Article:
Items tagged with GeForce

A few weeks back, at an event just prior to the Gamescom kick-off in Cologne, Germany, NVIDIA CEO Jensen Huang officially unveiled the company’s initial GeForce RTX 2000 series graphics card line-up, based on its new Turing GPU microarchitecture. Jensen discussed a number of the cards’ new features and capabilities, including real-time hardware accelerated ray tracing, a new deep learning assisted anti-aliasing technology dubbed DLSS, and he covered some specific speeds and feeds regarding the upcoming GeForce RTX cards themselves. Many other deeper technical details regarding... Read more...
Despite the fact that NVIDIA has kept tight-lipped about its upcoming Turing-based GeForce graphics cards, it really does seem like the worst-kept secret by this point. More information is starting to trickle out, and unfortunately for NVIDIA, its own partners are doing that leaking. Today, we learn of the specs of the so-called GeForce RTX 2080 Ti - notice the "RTX" there in place of "GTX". If it proves true, and it seems more and more likely that it is, then the GTX name is gone - at least in the high-end. At the professional graphics conference SIGGRAPH, which took place in Vancouver last week,... Read more...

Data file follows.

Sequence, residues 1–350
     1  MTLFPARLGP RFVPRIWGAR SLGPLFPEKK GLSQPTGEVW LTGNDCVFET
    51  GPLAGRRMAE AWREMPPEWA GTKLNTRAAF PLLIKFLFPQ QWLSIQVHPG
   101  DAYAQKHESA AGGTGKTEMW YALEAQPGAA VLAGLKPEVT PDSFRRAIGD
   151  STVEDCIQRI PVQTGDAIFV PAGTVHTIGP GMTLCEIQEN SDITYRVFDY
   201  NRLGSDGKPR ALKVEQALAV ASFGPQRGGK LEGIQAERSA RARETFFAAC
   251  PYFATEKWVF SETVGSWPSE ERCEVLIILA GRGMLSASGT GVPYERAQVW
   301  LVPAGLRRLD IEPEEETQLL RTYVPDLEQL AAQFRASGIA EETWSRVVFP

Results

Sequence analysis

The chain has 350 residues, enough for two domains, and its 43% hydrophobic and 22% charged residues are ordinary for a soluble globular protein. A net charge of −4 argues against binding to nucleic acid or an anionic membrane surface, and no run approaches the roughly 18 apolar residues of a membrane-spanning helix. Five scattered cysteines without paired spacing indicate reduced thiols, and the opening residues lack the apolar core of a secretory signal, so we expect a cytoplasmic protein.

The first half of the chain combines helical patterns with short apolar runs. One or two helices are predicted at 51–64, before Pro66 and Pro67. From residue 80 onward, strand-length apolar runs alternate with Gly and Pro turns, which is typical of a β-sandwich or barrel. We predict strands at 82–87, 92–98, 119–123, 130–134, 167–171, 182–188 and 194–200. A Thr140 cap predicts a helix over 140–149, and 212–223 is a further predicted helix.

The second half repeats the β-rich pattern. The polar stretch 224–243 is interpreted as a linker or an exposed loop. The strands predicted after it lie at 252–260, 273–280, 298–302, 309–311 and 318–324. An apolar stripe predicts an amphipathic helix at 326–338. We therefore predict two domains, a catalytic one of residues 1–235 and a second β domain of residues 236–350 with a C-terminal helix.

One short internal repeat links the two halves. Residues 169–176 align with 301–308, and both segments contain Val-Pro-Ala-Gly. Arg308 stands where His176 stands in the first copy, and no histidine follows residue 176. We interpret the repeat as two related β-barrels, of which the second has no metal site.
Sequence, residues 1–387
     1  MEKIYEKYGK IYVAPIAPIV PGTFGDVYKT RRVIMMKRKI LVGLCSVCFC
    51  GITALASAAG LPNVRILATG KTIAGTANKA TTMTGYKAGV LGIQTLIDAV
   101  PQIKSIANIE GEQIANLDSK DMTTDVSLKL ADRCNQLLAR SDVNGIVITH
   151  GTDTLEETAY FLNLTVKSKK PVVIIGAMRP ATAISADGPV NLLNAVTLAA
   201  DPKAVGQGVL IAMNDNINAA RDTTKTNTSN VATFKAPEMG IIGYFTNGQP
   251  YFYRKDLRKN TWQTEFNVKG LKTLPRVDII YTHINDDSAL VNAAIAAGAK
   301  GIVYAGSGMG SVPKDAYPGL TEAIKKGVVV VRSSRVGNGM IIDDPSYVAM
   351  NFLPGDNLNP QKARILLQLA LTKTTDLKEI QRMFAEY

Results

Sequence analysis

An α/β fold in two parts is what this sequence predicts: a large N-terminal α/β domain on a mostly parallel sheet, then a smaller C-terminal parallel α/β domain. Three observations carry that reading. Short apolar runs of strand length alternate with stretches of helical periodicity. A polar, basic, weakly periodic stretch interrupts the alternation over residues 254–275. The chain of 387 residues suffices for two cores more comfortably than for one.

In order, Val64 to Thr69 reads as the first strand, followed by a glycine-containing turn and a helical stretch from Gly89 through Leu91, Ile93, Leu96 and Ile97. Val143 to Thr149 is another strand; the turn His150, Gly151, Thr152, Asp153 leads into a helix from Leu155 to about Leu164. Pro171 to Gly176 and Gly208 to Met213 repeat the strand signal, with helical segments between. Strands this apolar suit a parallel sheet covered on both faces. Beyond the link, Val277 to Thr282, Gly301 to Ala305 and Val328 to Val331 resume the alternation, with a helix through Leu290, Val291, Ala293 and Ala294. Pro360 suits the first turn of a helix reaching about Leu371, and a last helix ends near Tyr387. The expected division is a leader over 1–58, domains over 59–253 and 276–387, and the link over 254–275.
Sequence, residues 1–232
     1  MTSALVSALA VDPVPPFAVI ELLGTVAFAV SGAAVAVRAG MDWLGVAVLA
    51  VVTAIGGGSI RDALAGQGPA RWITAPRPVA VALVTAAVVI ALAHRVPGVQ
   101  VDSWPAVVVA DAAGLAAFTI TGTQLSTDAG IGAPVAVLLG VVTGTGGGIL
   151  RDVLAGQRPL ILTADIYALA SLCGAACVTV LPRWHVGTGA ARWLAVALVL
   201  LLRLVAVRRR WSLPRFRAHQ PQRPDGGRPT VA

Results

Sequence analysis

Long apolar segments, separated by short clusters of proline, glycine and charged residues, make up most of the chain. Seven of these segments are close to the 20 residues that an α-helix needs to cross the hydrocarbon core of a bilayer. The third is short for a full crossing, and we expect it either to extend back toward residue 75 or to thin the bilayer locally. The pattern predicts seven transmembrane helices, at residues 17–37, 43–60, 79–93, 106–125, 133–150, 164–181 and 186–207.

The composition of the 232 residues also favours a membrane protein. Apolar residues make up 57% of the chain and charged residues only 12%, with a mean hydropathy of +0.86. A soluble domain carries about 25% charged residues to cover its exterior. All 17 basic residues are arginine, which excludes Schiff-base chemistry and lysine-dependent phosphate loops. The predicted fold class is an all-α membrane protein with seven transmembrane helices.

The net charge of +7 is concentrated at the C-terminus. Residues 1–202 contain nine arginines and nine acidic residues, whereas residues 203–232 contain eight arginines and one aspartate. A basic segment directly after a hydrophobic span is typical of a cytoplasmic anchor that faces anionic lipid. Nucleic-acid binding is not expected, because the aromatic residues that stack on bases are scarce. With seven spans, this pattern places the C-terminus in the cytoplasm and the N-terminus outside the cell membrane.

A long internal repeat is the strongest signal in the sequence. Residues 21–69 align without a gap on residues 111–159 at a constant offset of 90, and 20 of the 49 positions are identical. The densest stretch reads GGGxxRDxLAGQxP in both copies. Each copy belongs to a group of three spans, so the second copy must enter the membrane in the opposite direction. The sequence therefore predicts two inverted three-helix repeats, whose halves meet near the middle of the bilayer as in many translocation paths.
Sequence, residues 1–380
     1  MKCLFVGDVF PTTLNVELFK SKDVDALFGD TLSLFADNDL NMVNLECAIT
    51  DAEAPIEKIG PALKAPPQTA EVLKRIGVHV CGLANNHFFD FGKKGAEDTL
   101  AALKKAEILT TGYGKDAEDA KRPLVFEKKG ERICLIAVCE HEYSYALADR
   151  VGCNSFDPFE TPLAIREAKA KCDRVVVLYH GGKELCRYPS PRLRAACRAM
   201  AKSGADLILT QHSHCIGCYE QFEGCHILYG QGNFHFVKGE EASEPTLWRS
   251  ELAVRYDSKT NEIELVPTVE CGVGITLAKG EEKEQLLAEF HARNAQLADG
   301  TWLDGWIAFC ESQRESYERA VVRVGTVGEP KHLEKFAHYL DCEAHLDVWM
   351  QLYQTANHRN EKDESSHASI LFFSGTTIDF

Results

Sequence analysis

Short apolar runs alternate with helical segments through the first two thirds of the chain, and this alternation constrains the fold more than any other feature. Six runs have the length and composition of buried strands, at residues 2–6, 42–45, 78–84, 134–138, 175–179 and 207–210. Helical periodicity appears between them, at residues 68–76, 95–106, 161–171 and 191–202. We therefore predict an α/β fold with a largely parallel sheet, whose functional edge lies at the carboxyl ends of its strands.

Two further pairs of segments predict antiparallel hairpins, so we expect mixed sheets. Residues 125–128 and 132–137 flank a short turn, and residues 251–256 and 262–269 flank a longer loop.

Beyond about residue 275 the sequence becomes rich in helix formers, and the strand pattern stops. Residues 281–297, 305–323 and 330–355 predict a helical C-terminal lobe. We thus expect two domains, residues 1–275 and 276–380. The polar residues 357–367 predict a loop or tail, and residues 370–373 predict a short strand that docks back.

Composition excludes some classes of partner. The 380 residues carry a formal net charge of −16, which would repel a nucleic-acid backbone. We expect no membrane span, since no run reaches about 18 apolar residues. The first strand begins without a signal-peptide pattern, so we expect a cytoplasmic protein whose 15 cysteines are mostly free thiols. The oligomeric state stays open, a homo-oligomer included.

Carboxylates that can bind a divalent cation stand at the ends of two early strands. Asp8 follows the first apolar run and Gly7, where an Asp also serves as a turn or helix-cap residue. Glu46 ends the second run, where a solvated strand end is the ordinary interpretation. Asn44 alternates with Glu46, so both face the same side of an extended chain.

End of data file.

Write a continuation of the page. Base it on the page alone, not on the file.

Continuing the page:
To the delight of anyone who's been eying a new graphics card for a while, there seems to be a definitive end in sight to the price-gouging supply/demand effect in the GPU market. In recent months, mining has seemingly died down quite a bit, as a result of cryptocurrency values likewise taking a major turn for the worse. Currently, crypto values are low enough that for the vast majority of people, mining is much less lucrative than it was even just a few months ago, with the most ardent miners continuing along in hopes that the value of their coins of choice increase over time. Some of those miners... Read more...